OTTAWA — The Trudeau Liberals are being accused of caving in to pressure from the high-powered pharmaceutical industry in Washington at the expense of Canadian patients suffering debilitating medical conditions and those struggling to foot the cost of their pricey medications.
The proposed United States-Mexico-Canada Agreement extends a so-called "market exclusivity" period for high-class biologic drugs to 10 years from eight — a move that applies to medicines increasingly used as a lifeline for patients with chronic conditions including rheumatoid arthritis, Crohn's disease and cancer.
The measure means generic producers would have to wait an additional two years to produce similar drugs at lower costs to consumers, as they won't have access to crucial data needed to do so.
Members of the medical world and opposition MPs are calling on the government to do everything it can to soften the impacts of the decision, fearing it will have sweeping ripple effects.
Allowing drug companies to keep valuable data to themselves for an extra two years is a step away from an affordable national pharmacare plan, said Canadian Generic Pharmaceutical Association president Jim Keon, who sees the move as a direct reaction to pressure from the U.S.
"This measure was put into this agreement at the demand of the United States government, at the demand of the pharmaceutical industry in the United States, at the demand of the pharmaceutical lobby in Washington," he said.
"This is a step in the wrong direction."
In June, the Liberal government unveiled a six-member advisory council to consult Canadians and inform plans for a national pharmacare program.
Extending the length of time a drug-maker can shield information is a mistake that will mean higher drug costs for provinces, territories, employers and employees who cost-share drug plans, added NDP health critic Don Davies.
"The bottom line is when Canadians are already paying among the highest prices for drugs in the world and we already know that one in four Canadians is skipping medication due to cost, why would the Liberals agree in a trade agreement to a measure that is going to make drug costs more expensive?" he said. "That's what they have done."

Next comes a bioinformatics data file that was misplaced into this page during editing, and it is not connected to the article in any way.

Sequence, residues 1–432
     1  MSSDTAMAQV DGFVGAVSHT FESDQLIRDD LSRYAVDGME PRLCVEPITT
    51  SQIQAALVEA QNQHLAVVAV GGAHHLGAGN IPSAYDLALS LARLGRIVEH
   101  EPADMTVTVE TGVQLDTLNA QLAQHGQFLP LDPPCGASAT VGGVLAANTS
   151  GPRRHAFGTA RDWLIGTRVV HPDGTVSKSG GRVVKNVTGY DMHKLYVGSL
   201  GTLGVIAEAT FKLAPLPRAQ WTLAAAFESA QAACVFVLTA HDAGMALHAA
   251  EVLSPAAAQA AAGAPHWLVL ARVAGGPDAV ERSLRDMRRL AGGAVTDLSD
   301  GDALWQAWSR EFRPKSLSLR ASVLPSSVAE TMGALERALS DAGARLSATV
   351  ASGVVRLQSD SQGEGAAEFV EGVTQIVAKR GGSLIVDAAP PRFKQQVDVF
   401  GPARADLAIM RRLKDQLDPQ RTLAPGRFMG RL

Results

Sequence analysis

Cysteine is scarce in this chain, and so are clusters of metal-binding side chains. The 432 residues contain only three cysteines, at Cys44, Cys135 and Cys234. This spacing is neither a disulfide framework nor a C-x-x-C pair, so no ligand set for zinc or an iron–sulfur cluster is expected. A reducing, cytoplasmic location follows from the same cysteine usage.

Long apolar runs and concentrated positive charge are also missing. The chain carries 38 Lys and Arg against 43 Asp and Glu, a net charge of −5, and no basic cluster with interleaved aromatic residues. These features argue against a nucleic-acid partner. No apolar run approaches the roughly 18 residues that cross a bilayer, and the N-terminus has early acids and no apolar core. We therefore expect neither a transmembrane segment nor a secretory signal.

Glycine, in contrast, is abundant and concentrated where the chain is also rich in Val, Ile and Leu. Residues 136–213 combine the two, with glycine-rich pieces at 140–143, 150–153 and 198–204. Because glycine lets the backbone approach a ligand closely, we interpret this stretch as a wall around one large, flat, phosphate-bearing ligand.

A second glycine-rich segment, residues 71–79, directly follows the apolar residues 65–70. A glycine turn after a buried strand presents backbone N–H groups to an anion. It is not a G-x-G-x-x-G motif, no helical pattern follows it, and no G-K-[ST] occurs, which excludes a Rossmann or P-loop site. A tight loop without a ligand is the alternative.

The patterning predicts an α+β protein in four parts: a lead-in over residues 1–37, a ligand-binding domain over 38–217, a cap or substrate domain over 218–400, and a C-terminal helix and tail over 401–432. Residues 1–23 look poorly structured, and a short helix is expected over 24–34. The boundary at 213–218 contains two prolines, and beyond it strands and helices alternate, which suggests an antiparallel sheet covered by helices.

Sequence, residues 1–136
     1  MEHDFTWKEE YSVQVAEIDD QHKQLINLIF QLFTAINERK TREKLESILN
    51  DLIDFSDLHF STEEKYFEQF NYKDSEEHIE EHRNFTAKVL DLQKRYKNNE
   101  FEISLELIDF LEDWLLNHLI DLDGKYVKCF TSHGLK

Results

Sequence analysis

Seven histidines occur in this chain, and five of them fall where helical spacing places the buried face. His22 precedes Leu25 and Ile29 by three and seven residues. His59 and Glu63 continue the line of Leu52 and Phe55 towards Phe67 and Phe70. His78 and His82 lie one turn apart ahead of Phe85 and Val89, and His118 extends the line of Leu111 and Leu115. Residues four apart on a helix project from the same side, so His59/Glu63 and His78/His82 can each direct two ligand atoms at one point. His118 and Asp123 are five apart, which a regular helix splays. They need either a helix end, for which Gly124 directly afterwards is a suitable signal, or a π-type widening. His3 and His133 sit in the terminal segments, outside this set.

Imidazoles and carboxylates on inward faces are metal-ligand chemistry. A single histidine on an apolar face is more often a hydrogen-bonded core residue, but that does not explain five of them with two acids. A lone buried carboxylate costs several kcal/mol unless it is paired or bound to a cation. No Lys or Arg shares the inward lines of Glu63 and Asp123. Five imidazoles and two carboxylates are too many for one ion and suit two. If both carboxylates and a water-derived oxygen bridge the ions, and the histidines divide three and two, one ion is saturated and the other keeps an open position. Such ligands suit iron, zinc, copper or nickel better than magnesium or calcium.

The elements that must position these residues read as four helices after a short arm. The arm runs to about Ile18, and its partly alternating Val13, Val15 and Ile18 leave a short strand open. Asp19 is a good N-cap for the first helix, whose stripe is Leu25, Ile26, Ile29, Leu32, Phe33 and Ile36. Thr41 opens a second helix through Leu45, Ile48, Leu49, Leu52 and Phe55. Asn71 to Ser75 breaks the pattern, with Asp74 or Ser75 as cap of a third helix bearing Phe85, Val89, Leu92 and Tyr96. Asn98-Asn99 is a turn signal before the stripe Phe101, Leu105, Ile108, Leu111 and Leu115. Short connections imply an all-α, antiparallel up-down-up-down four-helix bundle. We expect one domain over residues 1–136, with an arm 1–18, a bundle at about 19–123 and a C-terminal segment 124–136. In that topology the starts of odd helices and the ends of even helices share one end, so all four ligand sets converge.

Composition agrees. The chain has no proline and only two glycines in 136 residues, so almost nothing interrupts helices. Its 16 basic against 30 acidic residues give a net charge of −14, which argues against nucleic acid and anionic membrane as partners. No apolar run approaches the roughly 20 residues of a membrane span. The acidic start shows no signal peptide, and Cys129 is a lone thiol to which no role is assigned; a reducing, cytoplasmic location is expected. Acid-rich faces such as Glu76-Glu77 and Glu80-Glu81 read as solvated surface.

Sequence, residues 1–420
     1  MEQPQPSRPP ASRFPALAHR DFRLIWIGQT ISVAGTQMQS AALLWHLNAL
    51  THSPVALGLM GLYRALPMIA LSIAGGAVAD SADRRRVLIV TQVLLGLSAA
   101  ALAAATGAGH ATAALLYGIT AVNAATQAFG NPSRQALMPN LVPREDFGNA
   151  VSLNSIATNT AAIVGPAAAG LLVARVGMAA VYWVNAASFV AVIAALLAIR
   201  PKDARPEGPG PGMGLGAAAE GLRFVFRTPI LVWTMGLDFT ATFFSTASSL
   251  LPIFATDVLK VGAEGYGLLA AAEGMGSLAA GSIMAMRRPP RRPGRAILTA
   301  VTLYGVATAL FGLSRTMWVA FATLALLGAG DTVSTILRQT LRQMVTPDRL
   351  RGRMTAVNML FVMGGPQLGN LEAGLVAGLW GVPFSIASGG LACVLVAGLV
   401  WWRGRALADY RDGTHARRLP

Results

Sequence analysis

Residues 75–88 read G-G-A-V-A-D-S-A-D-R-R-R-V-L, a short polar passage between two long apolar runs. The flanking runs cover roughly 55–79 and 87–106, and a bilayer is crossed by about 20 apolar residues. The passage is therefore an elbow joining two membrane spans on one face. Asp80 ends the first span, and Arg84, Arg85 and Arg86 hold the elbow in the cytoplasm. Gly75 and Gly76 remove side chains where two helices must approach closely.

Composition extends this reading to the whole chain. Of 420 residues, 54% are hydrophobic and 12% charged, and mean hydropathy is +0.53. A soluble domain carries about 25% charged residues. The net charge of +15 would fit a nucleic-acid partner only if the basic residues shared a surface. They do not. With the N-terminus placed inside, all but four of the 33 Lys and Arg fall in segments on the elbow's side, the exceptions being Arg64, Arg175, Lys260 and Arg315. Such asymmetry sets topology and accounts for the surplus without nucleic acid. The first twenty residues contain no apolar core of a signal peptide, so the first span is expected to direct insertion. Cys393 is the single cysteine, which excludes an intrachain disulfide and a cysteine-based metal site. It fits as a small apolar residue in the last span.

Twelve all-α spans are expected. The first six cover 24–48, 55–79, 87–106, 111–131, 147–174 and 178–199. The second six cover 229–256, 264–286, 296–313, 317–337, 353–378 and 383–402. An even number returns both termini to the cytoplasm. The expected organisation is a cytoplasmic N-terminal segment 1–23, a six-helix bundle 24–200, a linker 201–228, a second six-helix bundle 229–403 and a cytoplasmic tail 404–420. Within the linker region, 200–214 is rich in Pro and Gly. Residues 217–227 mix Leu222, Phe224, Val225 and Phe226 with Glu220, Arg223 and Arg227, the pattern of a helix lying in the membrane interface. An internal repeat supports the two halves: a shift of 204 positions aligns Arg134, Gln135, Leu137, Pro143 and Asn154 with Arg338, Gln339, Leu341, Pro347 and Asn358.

Conservative health critic Marilyn Gladu said drug companies must be able to recoup research dollars they put into producing medications.
Even so, she's not sure the government struck "the right balance."
"Certainly it will result in higher costs even by delaying generics for a couple years," she said.
"The question is, 'Is it merited in order to keep getting these new biologic-type medicines that are so badly needed?'"
However, both Keon and Davies point to figures from the Patented Medicine Prices Review Board indicating that the amount spent by pharmaceutical companies in Canada on research and development, relative to sales, has been falling since the late 1990s.
The Liberal government erred by not leveraging the decision in the new trade deal around biologics into more research funds, Davies added. "It is a lose, lose for Canadians."
A spokesperson for Health Minister Ginette Petitpas Taylor said Thursday the government is working to bring drug costs down by working with provinces and territories to negotiate lower prices.
Foreign Affairs Minister Chrystia Freeland said this week it is a crucial issue for the government.
"We also look forward to attracting further medical research to Canada," she said Tuesday. "Our government will also stand up for our public health care system."
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Kristy Kirkup, The Canadian Press